Take the 2-minute tour ×
Stack Overflow is a question and answer site for professional and enthusiast programmers. It's 100% free, no registration required.

Question: Where do I have to look when I want to know which character will be used for decimal grouping when using a given locale?

I tried the following code:

Locale locale = new Locale("Finnish", "fi");
DecimalFormat format = (DecimalFormat) DecimalFormat.getInstance(locale);
System.out.println(format.format(12345678.123));

Problem here is, that the parameters for the locale don't seem to be correct but I anyway think there must be some place where this information can be looked up without writing programs for it.

It seems the stuff is not taken from the regional settings on my machine as I changed the characters for the german language in the windows control panel but there was no change within the java program.

share|improve this question

2 Answers 2

up vote 10 down vote accepted

EDIT: The problem is the way you're constructing your Locale. Try just:

Locale locale = new Locale("fi");

To answer the question about how you'd get the separator programmatically, you'd use:

Locale locale = new Locale("fi");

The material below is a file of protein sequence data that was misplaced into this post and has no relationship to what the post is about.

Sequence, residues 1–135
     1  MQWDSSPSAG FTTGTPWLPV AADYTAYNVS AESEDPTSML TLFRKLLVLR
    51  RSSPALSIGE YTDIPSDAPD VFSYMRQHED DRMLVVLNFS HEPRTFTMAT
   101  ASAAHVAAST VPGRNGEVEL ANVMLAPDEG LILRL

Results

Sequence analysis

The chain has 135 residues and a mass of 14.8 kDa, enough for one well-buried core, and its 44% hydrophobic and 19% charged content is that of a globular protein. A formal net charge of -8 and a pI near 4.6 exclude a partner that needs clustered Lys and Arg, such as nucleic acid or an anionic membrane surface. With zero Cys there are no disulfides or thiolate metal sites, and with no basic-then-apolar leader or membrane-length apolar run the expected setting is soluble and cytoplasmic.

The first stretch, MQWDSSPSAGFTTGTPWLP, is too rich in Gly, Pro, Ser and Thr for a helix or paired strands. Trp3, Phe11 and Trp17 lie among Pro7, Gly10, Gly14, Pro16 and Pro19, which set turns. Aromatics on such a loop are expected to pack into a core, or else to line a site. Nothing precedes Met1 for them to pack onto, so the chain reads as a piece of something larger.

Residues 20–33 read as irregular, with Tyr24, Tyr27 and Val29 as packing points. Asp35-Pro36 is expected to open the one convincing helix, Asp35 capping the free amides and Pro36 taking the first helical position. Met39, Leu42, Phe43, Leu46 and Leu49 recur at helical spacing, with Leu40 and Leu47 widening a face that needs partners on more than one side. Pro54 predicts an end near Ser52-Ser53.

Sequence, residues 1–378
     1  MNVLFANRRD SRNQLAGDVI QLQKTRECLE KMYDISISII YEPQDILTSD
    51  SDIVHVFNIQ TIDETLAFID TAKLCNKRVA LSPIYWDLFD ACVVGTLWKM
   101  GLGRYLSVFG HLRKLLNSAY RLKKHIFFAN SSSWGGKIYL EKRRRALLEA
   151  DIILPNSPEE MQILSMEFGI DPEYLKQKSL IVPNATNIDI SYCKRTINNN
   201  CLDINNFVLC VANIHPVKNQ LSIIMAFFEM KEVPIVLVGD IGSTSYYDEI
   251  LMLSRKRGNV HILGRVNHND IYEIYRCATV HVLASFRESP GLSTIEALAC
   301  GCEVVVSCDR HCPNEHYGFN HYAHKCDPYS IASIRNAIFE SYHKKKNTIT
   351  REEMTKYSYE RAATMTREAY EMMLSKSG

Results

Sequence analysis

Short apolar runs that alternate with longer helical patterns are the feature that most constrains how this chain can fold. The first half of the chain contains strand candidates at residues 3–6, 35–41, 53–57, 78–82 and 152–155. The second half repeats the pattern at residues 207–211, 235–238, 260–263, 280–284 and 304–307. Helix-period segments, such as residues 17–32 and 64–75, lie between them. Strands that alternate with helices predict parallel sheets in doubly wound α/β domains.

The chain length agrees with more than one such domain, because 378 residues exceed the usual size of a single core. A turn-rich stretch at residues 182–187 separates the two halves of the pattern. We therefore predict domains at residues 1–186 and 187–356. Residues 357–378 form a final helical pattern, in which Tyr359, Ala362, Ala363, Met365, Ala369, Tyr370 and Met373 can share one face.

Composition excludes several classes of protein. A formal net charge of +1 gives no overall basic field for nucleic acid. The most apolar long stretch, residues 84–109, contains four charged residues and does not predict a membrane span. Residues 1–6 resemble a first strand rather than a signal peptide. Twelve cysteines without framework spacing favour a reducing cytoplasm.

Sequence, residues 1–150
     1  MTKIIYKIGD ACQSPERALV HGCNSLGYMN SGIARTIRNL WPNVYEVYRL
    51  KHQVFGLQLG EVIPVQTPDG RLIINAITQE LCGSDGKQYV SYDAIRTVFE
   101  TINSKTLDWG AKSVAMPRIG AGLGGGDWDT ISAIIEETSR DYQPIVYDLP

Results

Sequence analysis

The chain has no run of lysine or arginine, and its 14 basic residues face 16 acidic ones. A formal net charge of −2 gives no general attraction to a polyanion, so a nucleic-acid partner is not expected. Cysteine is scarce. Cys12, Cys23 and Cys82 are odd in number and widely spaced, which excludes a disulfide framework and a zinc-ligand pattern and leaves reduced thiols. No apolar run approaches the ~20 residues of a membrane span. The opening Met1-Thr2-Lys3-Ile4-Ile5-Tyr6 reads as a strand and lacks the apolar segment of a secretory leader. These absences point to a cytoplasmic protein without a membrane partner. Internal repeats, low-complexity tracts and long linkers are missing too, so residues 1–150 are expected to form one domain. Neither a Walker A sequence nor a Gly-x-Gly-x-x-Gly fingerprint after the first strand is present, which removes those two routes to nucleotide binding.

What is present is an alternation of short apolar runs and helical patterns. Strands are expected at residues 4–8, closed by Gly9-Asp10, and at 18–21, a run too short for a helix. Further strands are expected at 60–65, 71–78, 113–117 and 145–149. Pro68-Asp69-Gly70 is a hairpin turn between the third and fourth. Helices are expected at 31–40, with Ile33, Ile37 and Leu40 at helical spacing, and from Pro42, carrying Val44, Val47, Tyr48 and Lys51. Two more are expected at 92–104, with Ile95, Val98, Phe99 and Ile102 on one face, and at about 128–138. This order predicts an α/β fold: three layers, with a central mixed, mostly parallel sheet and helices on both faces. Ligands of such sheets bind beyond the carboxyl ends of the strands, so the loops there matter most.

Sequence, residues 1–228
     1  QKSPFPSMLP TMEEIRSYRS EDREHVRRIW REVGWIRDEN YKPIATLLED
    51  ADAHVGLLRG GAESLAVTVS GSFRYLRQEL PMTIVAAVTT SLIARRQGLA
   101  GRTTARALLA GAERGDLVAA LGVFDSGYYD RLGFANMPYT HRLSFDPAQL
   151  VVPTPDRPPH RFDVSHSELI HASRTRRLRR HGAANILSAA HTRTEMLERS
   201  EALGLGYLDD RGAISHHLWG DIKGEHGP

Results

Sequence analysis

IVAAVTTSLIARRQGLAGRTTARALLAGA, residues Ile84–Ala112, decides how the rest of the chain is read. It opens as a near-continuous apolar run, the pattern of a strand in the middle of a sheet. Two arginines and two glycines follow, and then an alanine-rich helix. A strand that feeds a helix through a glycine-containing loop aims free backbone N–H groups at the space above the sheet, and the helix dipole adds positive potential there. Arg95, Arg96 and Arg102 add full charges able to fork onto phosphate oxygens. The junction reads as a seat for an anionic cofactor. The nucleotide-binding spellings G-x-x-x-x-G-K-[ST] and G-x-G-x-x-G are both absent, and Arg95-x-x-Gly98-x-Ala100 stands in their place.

DecimalFormat format = (DecimalFormat) NumberFormat.getInstance(locale);
DecimalFormatSymbols symbols = format.getDecimalFormatSymbols();
char groupingChar = symbols.getGroupingSeparator();
share|improve this answer
    
Thanks for the hint about the locale object! The thing about the grouping separator is that I am curious where this information is retrieved from. There must be some kind of file where it is stored. –  Mathias Weyel Jan 19 '10 at 9:48
1  
I suggest you have a look at the source code - it's very handy that it's all available for inspection :) –  Jon Skeet Jan 19 '10 at 9:56

The comment for looking in the source had been too challenging...

Here's where the stuff is to be found:

Within the rt.jar of the jdk, in the package sun.text.resources there are files "FormatData_[ISO-Code].class" files in which the character for decimal grouping and the other related values are contained and can be viewed by decompiling them. The Java Decompiler (http://java.decompiler.free.fr) has been very helpful on that one.

share|improve this answer

Your Answer

 
discard

By posting your answer, you agree to the privacy policy and terms of service.

Not the answer you're looking for? Browse other questions tagged or ask your own question.